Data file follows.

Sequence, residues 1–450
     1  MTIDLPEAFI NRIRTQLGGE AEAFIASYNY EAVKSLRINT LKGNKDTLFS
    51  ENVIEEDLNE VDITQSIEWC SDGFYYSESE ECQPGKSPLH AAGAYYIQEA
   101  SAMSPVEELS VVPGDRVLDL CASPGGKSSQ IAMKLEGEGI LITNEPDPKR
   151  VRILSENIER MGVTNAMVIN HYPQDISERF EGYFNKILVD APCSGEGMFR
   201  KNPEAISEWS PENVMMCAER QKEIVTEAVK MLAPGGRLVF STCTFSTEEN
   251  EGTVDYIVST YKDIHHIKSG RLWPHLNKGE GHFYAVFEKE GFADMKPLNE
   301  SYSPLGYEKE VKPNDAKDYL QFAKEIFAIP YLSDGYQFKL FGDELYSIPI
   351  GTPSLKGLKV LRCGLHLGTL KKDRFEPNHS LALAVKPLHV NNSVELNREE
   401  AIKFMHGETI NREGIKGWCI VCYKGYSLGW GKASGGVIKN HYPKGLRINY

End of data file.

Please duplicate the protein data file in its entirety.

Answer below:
Sequence, residues 1–450
     1  MTIDLPEAFI NRIRTQLGGE AEAFIASYNY EAVKSLRINT LKGNKDTLFS
    51  ENVIEEDLNE VDITQSIEWC SDGFYYSESE ECQPGKSPLH AAGAYYIQEA
   101  SAMSPVEELS VVPGDRVLDL CASPGGKSSQ IAMKLEGEGI LITNEPDPKR
   151  VRILSENIER MGVTNAMVIN HYPQDISERF EGYFNKILVD APCSGEGMFR
   201  KNPEAISEWS PENVMMCAER QKEIVTEAVK MLAPGGRLVF STCTFSTEEN
   251  EGTVDYIVST YKDIHHIKSG RLWPHLNKGE GHFYAVFEKE GFADMKPLNE
   301  SYSPLGYEKE VKPNDAKDYL QFAKEIFAIP YLSDGYQFKL FGDELYSIPI
   351  GTPSLKGLKV LRCGLHLGTL KKDRFEPNHS LALAVKPLHV NNSVELNREE
   401  AIKFMHGETI NREGIKGWCI VCYKGYSLGW GKASGGVIKN HYPKGLRINY